Tandoori Grill's eclectic menu of halal and kosher delicacies guides diners on a journey through authentic Indian flavors. Vegetable samosas ($2.50) and potato-stuffed aloo naan ($2.50) kick off a palatable dinnertime parade of biryanis confettied with spices ($7–$9) and tandoori-grilled kebabs ($7.95–$9.95). Vegetarians can join in games of tabletop basketball previously reserved for meatball-eaters with the malai kofta, savory spheroids of fried vegetables in a rich curry sauce ($8.95). Weekday lunch specials focus on simple, easily scarfed classics, including a chicken kebab in a naan wrap ($4) and mutton curry with rice ($8). Any heated arguments over the last piece of naan can be cooled by a creamy mango lassi ($3).
The only original business remaining since the New Castle Farmers Market’s 1954 debut, Alex's placates palates with fresh platters off its ocean-raiding menu. Served with signature "sinus clearing cocktail sauce," the freshly shucked clams on the half shell (starting at $1 each) tease noses and thrill tongues like extra-bubbly bubbly. Cheesy crab fries heap cheddar, colby jack, and mozzarella cheeses atop fries garnished with old bay spice and fresh crab meat ($11.95). Fillets of fish ($19.95), from salmon to mahi mahi, sport golden tans from a fryer or the broiled perfumes of seasoned lemon butter, prompting unlucky fishermen to relate the tale of the 7,000 that got away. Land loyalists can allay their consciences with the boneless rib-eye steak and six butterfly shrimp ($34.95).
Each day, fishermen along the Atlantic coast ship the contents of their freshly opened crab cages to the Celtic Crab House. Upon arrival, cooks quickly prepare the crabs for patrons' mallets and mouths with a thorough steaming and seasoning. Glasses of domestic and imported draft beers leave cool rings on tables after washing down plates of sunset-orange dungeness crabs, massive king crabs, and lobster tails. In the kitchen, chefs slice open flounder to stuff them with crabmeat, and battered oysters in hot oil crackle merrily like pamphlets on how to overcome pyromania.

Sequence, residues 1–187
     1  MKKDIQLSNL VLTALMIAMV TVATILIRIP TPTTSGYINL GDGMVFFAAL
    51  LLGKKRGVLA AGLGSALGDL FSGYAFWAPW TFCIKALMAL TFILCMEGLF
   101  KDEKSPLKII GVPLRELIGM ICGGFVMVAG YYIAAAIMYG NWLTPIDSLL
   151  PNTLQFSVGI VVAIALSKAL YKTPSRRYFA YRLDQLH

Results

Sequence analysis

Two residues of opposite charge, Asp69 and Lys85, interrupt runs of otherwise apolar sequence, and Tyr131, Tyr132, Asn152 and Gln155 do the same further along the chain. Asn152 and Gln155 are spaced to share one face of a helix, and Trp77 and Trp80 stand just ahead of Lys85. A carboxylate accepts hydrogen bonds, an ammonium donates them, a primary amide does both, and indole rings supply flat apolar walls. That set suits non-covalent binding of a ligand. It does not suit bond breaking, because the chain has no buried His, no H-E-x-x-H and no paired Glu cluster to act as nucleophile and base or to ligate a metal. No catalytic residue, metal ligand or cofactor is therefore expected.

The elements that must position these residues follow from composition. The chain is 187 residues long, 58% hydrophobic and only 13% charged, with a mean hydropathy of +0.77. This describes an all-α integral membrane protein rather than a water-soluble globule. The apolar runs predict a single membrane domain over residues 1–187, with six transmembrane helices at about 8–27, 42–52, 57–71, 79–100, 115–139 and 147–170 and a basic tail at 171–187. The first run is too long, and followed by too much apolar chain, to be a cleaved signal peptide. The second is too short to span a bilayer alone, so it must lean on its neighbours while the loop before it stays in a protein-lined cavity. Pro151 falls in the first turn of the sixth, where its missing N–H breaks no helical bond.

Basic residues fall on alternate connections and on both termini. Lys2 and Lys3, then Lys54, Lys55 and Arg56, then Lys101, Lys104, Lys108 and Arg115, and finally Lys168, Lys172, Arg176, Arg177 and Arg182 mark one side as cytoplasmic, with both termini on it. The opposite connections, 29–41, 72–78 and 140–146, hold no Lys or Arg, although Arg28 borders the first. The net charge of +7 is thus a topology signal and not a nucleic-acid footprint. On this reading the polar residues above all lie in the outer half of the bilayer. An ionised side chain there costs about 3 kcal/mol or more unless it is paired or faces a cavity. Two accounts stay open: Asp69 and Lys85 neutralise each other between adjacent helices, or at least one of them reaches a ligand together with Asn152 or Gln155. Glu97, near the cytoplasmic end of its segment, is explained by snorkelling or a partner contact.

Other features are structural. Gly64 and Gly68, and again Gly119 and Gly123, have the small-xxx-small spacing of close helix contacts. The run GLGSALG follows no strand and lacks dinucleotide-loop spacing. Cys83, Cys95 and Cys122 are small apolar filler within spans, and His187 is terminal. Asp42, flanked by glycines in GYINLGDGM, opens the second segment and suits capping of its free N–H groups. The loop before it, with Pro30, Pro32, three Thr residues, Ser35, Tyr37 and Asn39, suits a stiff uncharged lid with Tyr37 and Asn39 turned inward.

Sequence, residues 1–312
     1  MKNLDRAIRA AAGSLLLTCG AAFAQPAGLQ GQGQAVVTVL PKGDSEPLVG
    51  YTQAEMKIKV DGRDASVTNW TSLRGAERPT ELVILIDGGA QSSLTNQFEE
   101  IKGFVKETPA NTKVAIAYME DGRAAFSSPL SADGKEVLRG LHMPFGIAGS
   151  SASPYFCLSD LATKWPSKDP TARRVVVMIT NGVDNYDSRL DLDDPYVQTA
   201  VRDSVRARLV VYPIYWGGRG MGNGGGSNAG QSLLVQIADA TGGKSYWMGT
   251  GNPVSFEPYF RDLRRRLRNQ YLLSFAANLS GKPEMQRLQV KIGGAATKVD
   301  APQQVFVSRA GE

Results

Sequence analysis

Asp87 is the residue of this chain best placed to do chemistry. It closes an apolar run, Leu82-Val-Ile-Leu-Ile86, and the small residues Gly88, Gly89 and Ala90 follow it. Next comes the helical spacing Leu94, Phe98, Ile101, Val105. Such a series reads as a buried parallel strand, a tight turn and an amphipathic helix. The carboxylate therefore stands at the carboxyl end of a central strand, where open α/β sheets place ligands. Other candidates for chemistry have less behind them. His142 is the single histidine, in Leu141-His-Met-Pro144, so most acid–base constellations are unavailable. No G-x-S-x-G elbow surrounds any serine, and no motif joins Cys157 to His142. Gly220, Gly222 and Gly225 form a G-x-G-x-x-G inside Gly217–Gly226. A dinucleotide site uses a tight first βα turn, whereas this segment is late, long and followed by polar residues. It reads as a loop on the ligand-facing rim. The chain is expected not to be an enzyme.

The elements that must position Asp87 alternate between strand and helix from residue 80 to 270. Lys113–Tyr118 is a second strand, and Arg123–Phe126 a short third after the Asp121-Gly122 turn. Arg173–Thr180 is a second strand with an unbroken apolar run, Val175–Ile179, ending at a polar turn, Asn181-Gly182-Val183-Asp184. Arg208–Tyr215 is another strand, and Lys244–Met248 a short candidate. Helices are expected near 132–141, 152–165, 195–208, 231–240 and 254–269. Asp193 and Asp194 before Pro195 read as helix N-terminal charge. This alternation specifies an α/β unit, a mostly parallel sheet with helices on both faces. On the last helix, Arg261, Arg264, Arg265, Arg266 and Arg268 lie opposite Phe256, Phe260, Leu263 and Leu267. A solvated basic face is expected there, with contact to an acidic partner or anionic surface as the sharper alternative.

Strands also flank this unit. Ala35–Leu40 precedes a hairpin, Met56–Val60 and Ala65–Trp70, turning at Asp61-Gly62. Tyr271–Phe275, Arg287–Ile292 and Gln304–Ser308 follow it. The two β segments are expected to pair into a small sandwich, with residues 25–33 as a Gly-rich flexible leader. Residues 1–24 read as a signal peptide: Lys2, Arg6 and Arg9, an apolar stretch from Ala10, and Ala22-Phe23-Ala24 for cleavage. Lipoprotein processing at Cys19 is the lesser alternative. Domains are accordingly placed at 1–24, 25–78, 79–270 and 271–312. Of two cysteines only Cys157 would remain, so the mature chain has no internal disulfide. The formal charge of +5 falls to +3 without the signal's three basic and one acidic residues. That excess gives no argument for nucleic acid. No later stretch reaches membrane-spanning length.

Marco Rizzo regularly strolls local markets, handpicking ingredients for Ristorante Marco's kitchen. He learned to cherish fresh food as a child, when growing up in a small Italian fishing village meant his family had to grow and harvest much of what they ate on a small farm plot. He also learned from his mother, a chef herself, how good food can bring people together—Marco's house regularly erupted into activity at dinnertime, with conversations and Xbox tournaments carrying well into the night.
Now, at Ristorante Marco, the Italian native draws upon these memories as he crafts the dishes he grew up with, from housemade pastas to seafood. Valuing entertaining as much as he does cooking, Marco relishes chatting with guests and recommending a drink from the restaurant's list of more than 100 wines, including a selection from his hometown, Santa Maria di Castellabate. Such touches earned Ristorante Marco the 2010 Critics' Choice award for Best Upstate Italian Restaurant in Delaware Today.
Voted Critics' Choice for Best Burgers in Delaware by Delaware Today three years in a row, Jake's Wayback Burgers is a treasure trove of handmade burgers, house-cut potato chips, and throwback milkshakes. From a single location on Route 273, Jake's exploded across the nation, getting pickles and lettuce all over America's most important monuments. The eatery's hand-dipped shakes and monthly burger specials—such as the Texas Jake burger—can be enjoyed in 10 different states, alongside a menu of 100% beef hot dogs and triceratops-friendly veggie burgers.